Duke Farms

New Jersey is known as the garden state, but it’s not always easy to see why. Duke Farms, which just opened to the public last year is one of the largest nature preserves in the state. At some 3000 acres it is three times the size of Central Park. It was the former estate of J.B. Duke, a famous industrialist and namesake of Duke University. The estate passed on to his daughter Doris at the time of his death, whose wish it was that it should be used to promote conservation.

The farms have a number of lakes, waterfalls, meadows, gardens and trails – something for everyone. There is a tram service that will take you around to the main sections, but after that you’re on your own. Though there are some signs around in case you get lost, it’s best to pick up a map at the visitor centre as a lot of places look exactly the same.

This is the otter lake, unfortunately we didn’t spot any while we were there.

The conservatory where Doris Duke grew her orchids. This was restored before the opening and is now full of a number of native species.

This is the old foundation. J.B. Duke had plans to build a large mansion on the property, but for still unknown reasons abandoned them within a couple of years. The foundations remain as they were when the work stopped. Doris Duke did move back on to the property after the death of her father, but it wasn’t clear when we visited where exactly she lived.

The steps leading down from the old foundation. The manicured lawns that were created for the family are currently in the process of being restored to their natural state as a wildflower meadow. They are doing everything they can to create a habitat for birds and other animals.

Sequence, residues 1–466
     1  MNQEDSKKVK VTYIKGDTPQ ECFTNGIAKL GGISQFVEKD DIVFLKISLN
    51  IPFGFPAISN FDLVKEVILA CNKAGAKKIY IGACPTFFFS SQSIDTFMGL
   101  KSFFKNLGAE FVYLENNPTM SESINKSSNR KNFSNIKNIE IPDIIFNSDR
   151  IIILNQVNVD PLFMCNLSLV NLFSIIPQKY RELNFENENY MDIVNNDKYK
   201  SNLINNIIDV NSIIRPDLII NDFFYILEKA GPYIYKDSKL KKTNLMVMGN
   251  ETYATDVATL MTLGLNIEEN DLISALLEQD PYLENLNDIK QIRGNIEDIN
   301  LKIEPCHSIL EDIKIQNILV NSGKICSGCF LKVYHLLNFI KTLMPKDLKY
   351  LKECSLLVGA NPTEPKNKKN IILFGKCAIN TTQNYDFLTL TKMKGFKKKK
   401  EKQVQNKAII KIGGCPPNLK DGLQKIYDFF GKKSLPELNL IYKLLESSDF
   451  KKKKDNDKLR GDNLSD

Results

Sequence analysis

Though conservation is the main goal of the farms, it’s the amazing open space that I think brings people in. Great for bike rides, jogging and long walks and just perfect for a summer picnic.

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An afternoon at Dumbarton Oaks

Visits to DC are a fairly common occurrence for me. I generally go to visit my sister and brother-in-law and eat great food – hard to come by reservations are on the menu if I’m lucky. But I also do my best to visit a new neighbourhood or museum.

This time I went to Dumbarton Oaks, a hidden treasure in Georgetown. Now, Georgetown is beautiful, don’t get me wrong, but it’s not my favourite place. Oftentimes crowded with obnoxious people, it’s not exactly what I’m looking for when escaping NYC. But the gardens at Dumbarton Oaks are a welcome respite from the noise.

It was the home of Mildred and Robert Woods Bliss, an American diplomat and his wife. They spent a significant amount of time improving the house and grounds before conveying the property to Harvard University with the intent that it exist as an institute for scholarship and the arts.

Today the building of the main house is a museum, library, and archive.

Pass through the old orangery to get to the back of the house and the grounds.

The property is divided in to a series of terraces and enclosed gardens. The place isn’t overwhelming in size, but there are quite a few steps and slopes along the way.